Sorry, I didn't get to really finish my thoughts earlier. What you get when you have 2 (A & B) radio signals hitting a diode is like an RF mixer. You'll get lots and lots of mixing products; the sum of the 2, the difference of the 2, (A-B) and then lots of others (2A+B, 2A-B, A+2B, 2B-A, 3A+B, etc etc. )
When you get a lot of RF carriers, all mixing on all those rusty joints it's gonna create pandemonium. Some , maybe most, interference signals happen outside. Sometimes, they happen in the receiver. And chasing these things down takes time, experience, and preferably expensive test equipment like spectrum analyzers.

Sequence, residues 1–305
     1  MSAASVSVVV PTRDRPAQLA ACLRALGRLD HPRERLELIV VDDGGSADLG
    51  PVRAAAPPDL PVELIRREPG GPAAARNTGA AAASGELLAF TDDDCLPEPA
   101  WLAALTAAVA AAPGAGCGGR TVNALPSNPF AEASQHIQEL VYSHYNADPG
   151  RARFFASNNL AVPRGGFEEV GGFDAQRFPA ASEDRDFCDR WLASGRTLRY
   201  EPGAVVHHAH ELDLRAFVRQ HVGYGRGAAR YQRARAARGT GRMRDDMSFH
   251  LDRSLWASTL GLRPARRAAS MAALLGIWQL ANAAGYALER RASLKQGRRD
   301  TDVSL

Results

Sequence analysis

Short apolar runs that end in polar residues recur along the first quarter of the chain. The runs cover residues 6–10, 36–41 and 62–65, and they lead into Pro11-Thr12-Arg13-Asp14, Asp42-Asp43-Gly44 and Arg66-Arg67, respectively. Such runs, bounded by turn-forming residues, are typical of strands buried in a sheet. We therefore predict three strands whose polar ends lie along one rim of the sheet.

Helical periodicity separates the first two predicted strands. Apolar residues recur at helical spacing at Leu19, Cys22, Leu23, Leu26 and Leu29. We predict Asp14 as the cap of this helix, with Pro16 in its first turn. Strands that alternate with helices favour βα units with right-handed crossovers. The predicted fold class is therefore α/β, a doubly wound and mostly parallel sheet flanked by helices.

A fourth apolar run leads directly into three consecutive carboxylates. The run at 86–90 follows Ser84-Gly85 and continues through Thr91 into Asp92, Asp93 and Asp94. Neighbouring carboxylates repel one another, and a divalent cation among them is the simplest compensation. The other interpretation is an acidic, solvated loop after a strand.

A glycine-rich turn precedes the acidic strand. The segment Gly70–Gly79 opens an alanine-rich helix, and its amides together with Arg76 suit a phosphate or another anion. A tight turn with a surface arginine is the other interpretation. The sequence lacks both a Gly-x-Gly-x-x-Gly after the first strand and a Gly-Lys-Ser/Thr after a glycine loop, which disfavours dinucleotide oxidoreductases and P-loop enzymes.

Cures? Several, of various capabilities. As has been mentioned, filters, like bandpass, or notch, filters. And as counter-intuitive as it sounds, some adjustable attenuation in the antenna line.

I'd start with some small bandpass filters, like VHF Hi (like 136 to 170 MHz) and UHF (450-470 MHz)
 
Joined
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Messages
10,313
Location
Taxachusetts
#16
He was told all this back in 2014 :roll:
Just moved way up to our new house on a huge hill

many folks explained he needed to ID the frequency first...but alas...
until he actually ID's the Offending Freq and not just those being interfered with, he is $oL